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Opinions on masks vary across Florida as mandates, emergency orders come to an end

'We've had our vaccinations, but we still follow the rules,' Vero Beach resident says
Woman wearing mask
Posted at 2:23 PM, May 07, 2021
and last updated 2021-05-07 18:27:58-04

WEST PALM BEACH, Fla. — To wear a mask or not to wear a mask. That's the question on the mind of many people these days.

This also comes as Gov. Ron DeSantis suspended all emergency orders this week related to the coronavirus pandemic and counties across Florida lift their mask mandates.


WPTV wanted to gauge the pulse of our communities and find out what residents think about the topic.

Going maskless is a more common occurrence now that there's no mandate forcing people to wear a facial covering.

What WPTV found traveling across the five-county area is that opinions vary widely and many still choose to follow CDC guidelines.

Palm Beach County

"I'm a supporter of that because, actually, I can't breathe under this thing," said Ayisha Wright of West Palm Beach.

For the first time in more than a year, people in Palm Beach County don't have to wear a mask, but it may be a little harder to let go for some than others.

"It's now become a habit, but I really hate it. It's so annoying, but yeah it's a habit now," Wright said.

Ayisha Wright, Palm Beach County resident
Ayisha Wright says she doesn't like wearing a mask, but it has become a habit.

"I'm extremely happy. I don't think they should have been here this long in the first place," said Paul Piverotto of Palm Beach County.

Piverotto said he's seeing more people stop wearing masks in West Palm Beach.

However, facial coverings are still a must to enter government buildings and some businesses are still requiring them too.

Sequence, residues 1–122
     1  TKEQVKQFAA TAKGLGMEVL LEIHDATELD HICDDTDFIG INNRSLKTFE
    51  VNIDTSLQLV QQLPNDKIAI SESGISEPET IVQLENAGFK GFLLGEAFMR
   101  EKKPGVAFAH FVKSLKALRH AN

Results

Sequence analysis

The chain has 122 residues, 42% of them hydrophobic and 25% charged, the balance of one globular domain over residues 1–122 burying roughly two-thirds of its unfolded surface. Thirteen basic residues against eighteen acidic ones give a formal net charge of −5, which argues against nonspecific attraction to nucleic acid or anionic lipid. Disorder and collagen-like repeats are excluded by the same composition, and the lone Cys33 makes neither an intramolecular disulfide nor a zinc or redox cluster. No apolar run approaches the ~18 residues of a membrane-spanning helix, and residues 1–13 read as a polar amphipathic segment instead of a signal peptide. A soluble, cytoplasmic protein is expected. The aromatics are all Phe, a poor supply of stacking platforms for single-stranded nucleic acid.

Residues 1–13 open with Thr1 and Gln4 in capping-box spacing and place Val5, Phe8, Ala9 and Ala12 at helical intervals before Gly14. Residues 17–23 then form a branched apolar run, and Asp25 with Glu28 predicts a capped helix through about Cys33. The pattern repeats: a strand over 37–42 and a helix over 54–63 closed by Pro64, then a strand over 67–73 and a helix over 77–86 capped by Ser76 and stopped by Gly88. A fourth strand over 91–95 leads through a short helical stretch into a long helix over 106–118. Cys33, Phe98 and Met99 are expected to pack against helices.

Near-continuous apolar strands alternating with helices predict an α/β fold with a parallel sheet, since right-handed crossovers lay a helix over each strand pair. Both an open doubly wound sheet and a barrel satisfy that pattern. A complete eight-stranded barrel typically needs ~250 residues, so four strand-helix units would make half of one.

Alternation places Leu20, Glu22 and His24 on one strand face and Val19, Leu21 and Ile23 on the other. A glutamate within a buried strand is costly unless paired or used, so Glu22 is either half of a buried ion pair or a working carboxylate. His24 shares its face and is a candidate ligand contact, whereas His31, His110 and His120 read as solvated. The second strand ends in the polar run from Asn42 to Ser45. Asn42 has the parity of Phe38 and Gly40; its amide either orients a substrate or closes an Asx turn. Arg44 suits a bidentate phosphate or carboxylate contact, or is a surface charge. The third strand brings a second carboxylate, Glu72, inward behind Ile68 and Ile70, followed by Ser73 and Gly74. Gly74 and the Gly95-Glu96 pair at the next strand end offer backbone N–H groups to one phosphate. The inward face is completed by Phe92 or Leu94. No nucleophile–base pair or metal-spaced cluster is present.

"I'll wear it only because I don't want to get into a physical altercation with somebody, and you know I've seen people get pretty heated over this stuff, so I just do it because I don't want to go there and get into a fight," Piverotto said.

Paul Piverotto
Paul Piverotto says he continues to wear a mask to avoid conflict with other people.

Okeechobee County

But there are fewer scuffles if you head west.

Masks were never required by county leaders in Okeechobee County, adding a different perspective to the conversation.

"I thought it was a joke, all political," said Okeechobee native Buddy Davis.

He has lived in Okeechobee for 69 years and says masks were never popular with the locals.

"There was a lot of people with a mask, but we have a lot of northerners come in and … most of the people that’s been here they ignored it and went on," Davis said. "Then you see people driving down the road in a car with the windows up with a mask on, that's just idiotic."

Buddy Davis, Okeechobee resident
Buddy Davis says wearing masks wasn't popular in Okeechobee County.

"People definitely wore them a little bit, but kids our age and stuff they don’t really care,” said Tyler Lamb, Okeechobee County resident.